As Alberta heads into another round of public-sector bargaining in 2024, government intervention is expected to persist and evolve. Indeed, the recent introduction of Bill 5, which amends the Public Sector Employers Act allowing for the creation of bodies to facilitate employer coordination of bargaining across sectors, is evidence of that continued evolution.

It is also expected that the government will impose mandates designed to minimize public-sector wage increases and to standardize agreements across sectors. The report concludes by offering several options for how public-sector workers and their unions can respond to growing government interference, both at the bargaining table and through increased political pressure.

Bob Barnetson

Bob Barnetson is a professor of labour relations at Athabasca University. He is the author of Health and Safety in Canadian Workplaces (with Jason Foster), Political Economy of Workplace Injury in Canada, and Canada’s Labour Market Training System.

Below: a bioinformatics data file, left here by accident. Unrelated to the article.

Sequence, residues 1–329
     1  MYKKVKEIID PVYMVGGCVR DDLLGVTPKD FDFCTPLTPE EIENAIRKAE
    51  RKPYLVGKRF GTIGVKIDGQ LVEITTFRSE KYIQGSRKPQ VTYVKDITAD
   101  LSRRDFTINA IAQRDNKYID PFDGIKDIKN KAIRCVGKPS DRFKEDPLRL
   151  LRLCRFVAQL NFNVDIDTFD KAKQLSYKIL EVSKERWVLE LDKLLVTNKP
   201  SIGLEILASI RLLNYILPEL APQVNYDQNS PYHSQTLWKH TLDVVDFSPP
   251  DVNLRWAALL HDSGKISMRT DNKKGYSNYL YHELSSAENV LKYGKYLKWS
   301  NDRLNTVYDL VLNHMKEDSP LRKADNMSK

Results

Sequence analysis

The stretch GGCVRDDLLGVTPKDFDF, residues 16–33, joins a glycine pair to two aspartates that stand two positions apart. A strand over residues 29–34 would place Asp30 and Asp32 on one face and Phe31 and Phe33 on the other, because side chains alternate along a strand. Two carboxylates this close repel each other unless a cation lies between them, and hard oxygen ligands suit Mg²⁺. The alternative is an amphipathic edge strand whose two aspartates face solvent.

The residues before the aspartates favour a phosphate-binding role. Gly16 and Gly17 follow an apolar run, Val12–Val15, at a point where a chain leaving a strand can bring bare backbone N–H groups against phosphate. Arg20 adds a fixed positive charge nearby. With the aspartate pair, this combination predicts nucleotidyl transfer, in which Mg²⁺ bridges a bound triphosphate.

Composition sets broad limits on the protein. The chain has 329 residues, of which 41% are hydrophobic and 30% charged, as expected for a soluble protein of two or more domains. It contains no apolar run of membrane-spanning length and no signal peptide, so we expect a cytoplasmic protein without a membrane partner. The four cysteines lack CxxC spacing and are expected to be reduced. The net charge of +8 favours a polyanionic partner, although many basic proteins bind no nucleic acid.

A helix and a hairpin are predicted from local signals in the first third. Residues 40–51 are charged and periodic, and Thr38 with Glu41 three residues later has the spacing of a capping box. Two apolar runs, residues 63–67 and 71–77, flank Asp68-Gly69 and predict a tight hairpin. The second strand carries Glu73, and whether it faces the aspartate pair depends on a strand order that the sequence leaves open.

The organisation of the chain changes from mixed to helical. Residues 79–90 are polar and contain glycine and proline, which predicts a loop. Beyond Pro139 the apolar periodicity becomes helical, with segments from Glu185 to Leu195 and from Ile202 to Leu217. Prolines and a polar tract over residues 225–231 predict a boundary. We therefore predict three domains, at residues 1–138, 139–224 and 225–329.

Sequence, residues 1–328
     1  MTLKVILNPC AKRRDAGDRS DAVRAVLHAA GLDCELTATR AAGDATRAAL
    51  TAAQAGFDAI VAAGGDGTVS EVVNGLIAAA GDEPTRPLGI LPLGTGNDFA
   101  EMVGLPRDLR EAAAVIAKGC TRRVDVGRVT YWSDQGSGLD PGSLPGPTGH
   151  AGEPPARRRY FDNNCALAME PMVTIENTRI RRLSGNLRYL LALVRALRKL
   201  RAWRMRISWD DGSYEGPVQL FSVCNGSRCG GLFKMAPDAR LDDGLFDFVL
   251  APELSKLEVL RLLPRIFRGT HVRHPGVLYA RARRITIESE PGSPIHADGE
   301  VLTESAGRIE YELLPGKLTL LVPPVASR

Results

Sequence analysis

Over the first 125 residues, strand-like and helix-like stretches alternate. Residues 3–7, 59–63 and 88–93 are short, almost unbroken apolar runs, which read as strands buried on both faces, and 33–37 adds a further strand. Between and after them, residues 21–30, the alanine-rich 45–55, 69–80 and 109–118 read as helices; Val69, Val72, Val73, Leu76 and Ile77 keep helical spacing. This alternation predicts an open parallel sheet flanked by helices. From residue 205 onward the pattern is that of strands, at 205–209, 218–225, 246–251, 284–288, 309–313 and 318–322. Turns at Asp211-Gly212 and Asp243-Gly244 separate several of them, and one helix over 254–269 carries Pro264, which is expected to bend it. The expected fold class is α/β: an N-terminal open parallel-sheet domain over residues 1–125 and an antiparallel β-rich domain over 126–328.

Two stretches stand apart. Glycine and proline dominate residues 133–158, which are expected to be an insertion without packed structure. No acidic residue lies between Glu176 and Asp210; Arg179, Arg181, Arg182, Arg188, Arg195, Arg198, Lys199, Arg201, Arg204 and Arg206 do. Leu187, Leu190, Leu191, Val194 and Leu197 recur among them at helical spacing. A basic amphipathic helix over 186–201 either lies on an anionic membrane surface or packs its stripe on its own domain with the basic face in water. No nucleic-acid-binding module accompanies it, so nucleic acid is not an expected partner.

Read more by this author

Susan Cake

Dr. Susan Cake is an assistant professor in human resources and labour relations. Susan has been with Athabasca University since 2020. Prior to joining AU, Susan was a worker advocate specializing in the areas of occupational health and safety, workers’ compensation systems, and pensions. Susan’s current research interests include union relevance and renewal, care work, and early learning and child care. Susan is the current chair of Child Care Now Alberta and a board member of Child Care Now.

Read more by this author

Jason Foster

Jason Foster is the director of Parkland Institute and a professor of human resources and labour relations at Athabasca University. Jason is the author of Gigs, Hustles, & Temps (2023) and Defying Expectations: The Case of UFCW Local 401 (2018), as well as co-author of Health and Safety in Canadian Workplaces (2016). His research interests include workplace injury, union renewal, labour and employment policy, and migrant workers in Canada. He is committed to sharing research to as broad an audience as possible, so that it might contribute to policy change and making people’s lives better.

Read more by this author |  Follow on Twitter

Related reading

Get timely research and analysis from Parkland in your inbox.

Subscribe to email from Parkland

Your donation supports research for the common good.

Donate to Parkland Institute
end include: pages_show_blog_post_wide